microworld

the most powerful life on earth

When you look from really close, a new world is revealed to you.
More beautiful and spectacular than you could ever have imagined.

so small, you can’t even see them

Those who think a flea is small are about to enter a whole new world. The world of microorganisms. A microorganism, or microbe, is a creature that is too small to be seen with the naked eye. They’re so small, in fact, that a million bacteria – one of the smallest microbes – can fit on the tip of a pin. Without microorganisms like moulds, yeasts, (micro)algae, bacteria, archaea, viruses and micro-animals, life on earth would not be possible.

micro small but in great numbers

A single bacteria can fit more then a million times on the tip of a needle.

two-thirds of life is invisible

When you look around, you see trees, plants and perhaps some birds. These organisms are visible to the naked eye. For a long time, scientists thought that ‘nature’ was made up of only these visible things. Today, we know better. Two-thirds of life on earth is microorganisms, which cannot be seen without a microscope.

tree of life three domains

visible
organisms

invisible
organisms

limitless variation

In the 3.5 billion years that they have inhabited the earth, microbes have evolved and adapted to nearly every type of environment. That’s why they can live in the most extreme places. Everywhere there is food, there is life. And microbes eat almost everything, including metals, acids, petroleum and natural gas. The number of, and the number of different species of, microorganisms are enormous, and new species are discovered every day.

100 million different types

    green algae

green algae (Pediastrum)


    waterbear

waterbear (Tardigrada)


    MRSA bacteria

MRSA bacteria (Staphylococcus aureus)


    slime moulds

slime moulds (Physarum polycephalum)


    Haloquadratum walsbyi

Haloquadratum walsbyi  


    volvox

volvox (geslacht: Volvox)


    cyanobacteria or blue-green algae

cyanobacteria or blue-green algae (Phormidium sp.)


    freshwater water flea

freshwater water flea (Daphnia magna)


    grey mould

grey mould (Botrytis cinerea)


    lichen

lichen  


    diatom

diatom (Triceratium sp.)


    Epstein-Barr virus

Epstein-Barr virus  

the most powerful organisms on our planet

The micro-world may be invisible and mysterious, but it’s also indispensable. Microbes are essential in our world and in our bodies. Microalgae in the ocean produce half of all the oxygen in our atmosphere. Fungi and bacteria convert the organic material from dead animals into new raw materials. And intestinal bacteria help you digest your food. Without any of them, life on earth wouldn’t be possible.

indispensable
50%

of all oxygen
in our atmosphere
is produced
by micro algae.

visible for the first time

The Dutchman Antoni van Leeuwenhoek was the first person to discover microbes; in 1674 with a microscope he made himself. In a drop of water from the murky Berkelse meer (lake), he saw what he called ‘tiny animalcules’. Those turned out to be green algae and rotifers. A short time later (1676), he also discovered red blood cells and bacteria.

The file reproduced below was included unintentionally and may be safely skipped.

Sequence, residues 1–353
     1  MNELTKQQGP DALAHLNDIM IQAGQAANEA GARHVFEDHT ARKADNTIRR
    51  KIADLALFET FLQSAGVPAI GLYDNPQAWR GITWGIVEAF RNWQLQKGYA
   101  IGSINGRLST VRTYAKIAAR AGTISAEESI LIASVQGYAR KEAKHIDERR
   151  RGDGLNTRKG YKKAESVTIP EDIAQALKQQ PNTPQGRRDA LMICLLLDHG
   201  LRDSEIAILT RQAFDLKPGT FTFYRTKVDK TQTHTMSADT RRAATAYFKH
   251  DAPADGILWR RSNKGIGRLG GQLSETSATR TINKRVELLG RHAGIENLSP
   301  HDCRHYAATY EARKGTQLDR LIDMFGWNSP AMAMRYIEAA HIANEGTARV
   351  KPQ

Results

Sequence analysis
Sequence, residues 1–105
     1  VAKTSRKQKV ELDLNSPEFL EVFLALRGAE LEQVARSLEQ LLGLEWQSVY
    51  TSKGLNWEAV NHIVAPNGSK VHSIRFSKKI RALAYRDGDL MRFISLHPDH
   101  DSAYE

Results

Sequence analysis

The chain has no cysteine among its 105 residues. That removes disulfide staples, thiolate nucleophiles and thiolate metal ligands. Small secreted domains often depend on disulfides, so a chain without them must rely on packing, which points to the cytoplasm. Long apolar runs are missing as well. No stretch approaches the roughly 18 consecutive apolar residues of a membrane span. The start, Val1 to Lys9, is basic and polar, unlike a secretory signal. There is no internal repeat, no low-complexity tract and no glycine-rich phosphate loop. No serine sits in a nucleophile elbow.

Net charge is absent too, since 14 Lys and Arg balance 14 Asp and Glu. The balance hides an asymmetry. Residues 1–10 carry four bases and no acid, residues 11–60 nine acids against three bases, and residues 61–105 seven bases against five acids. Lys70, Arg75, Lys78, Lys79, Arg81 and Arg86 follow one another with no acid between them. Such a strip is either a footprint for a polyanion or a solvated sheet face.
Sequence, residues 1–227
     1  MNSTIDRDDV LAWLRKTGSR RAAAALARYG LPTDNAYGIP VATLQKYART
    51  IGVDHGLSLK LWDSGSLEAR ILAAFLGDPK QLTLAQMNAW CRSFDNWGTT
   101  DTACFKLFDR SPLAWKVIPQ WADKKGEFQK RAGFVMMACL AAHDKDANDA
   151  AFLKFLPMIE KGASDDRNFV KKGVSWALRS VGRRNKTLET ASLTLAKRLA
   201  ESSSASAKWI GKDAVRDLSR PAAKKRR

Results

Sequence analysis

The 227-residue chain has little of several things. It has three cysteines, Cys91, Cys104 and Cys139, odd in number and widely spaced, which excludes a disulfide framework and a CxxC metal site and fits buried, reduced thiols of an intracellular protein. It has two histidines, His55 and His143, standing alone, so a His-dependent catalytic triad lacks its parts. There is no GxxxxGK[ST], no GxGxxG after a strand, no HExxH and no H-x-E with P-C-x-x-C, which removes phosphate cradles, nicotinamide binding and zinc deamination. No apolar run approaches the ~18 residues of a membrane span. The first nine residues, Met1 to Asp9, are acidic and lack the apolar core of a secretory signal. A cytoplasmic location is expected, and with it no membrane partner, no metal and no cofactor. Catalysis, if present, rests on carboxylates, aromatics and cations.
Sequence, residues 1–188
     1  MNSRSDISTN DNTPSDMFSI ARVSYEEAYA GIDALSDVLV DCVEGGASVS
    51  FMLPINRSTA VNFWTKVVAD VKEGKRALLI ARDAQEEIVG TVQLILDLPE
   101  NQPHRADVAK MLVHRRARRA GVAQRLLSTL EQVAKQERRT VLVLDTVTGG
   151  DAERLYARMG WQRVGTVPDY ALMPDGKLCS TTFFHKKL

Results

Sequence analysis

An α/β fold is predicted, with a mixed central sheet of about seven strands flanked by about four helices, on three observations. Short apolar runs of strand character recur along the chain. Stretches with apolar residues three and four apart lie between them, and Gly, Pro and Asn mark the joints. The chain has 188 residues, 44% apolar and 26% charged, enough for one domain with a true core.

about Antoni van Leeuwenhoek

Antoni van Leeuwenhoek drew pictures of everything he saw through his microscope.

microbiology

Microbiology: that’s something to do with microscopes, white coats and a laboratory, right? Well, yes. But it’s certainly not as boring as it sounds. The contributions of microbiologists mean that AIDS is no longer immediately fatal, and damage from notorious hospital bacteria can remain in check. But beer brewers also need microbial knowledge to keep yeast alive during the brewing process. And most of the products in your refrigerator wouldn’t exist without microbiology. You wouldn’t even need a refrigerator without microbes. For most people, microbiology is a mystery, even though it actually offers us so many possibilities.

the method of microbiologists revolution in microbiology

the oldest earth-dwellers

Microorganisms emerged around 3.5 billion years ago. Back then, the earth was very different than it is today. Microorganisms were able to colonise the steamy, toxic globe, and have been the most powerful organisms ever since. Around 1.7 billion years ago, the first multicellular microorganisms were formed from unicellular ones. And much later than that, about 600 million years ago, the first visible life forms, such as worms, emerged. These multicellular and more complex organisms had important advantages over their microscopic competitors.

the first life emerges

If we translate the unimaginably long time of 4,6 billion years that earth exists to a calendar year, microbes appeared already in February. Only in mid-November more complex organisms such as worm-like organisms came to being. Mid-December mammals arrived. Then man appeared 31st of December, 1 second before midnight.

microsex, how do microbes ‘do it’?

Microorganisms have sex in all different kinds of ways. The speed and efficiency with which they do it give them many new features andensure that microorganisms can adapt perfectly to their environment and can survive basically anywhere. And they do. How did they manage to make that happen?

sex or no sex?

life in the extreme

Hot geysers, acidic volcanic lakes, deep-sea trenches, salty lakes, glaciers and even nuclear reactors. After eons of evolution, all kinds of microbes have sought refuge in the most extreme places. Organisms that prefer to dwell in those conditions are known as extremophiles.

meet the extremophiles

waterbears can live through all kinds of extreme situations for nearly a decade in its state of suspended animation.

the expert explains